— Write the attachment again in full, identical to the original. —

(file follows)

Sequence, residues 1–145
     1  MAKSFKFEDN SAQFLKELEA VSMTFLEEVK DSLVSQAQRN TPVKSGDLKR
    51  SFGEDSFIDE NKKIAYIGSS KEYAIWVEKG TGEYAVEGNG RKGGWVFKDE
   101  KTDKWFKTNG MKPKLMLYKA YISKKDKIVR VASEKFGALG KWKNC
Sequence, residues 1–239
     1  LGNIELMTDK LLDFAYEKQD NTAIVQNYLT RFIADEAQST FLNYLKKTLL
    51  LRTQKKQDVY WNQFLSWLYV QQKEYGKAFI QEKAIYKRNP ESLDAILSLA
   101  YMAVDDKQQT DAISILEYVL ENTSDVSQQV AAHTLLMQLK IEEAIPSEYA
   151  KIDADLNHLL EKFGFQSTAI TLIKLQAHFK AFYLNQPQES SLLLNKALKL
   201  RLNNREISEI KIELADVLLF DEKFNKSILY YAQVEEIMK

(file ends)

Sequence, residues 1–145
     1  MAKSFKFEDN SAQFLKELEA VSMTFLEEVK DSLVSQAQRN TPVKSGDLKR
    51  SFGEDSFIDE NKKIAYIGSS KEYAIWVEKG TGEYAVEGNG RKGGWVFKDE
   101  KTDKWFKTNG MKPKLMLYKA YISKKDKIVR VASEKFGALG KWKNC
Sequence, residues 1–239
     1  LGNIELMTDK LLDFAYEKQD NTAIVQNYLT RFIADEAQST FLNYLKKTLL
    51  LRTQKKQDVY WNQFLSWLYV QQKEYGKAFI QEKAIYKRNP ESLDAILSLA
   101  YMAVDDKQQT DAISILEYVL ENTSDVSQQV AAHTLLMQLK IEEAIPSEYA
   151  KIDADLNHLL EKFGFQSTAI TLIKLQAHFK AFYLNQPQES SLLLNKALKL
   201  RLNNREISEI KIELADVLLF DEKFNKSILY YAQVEEIMK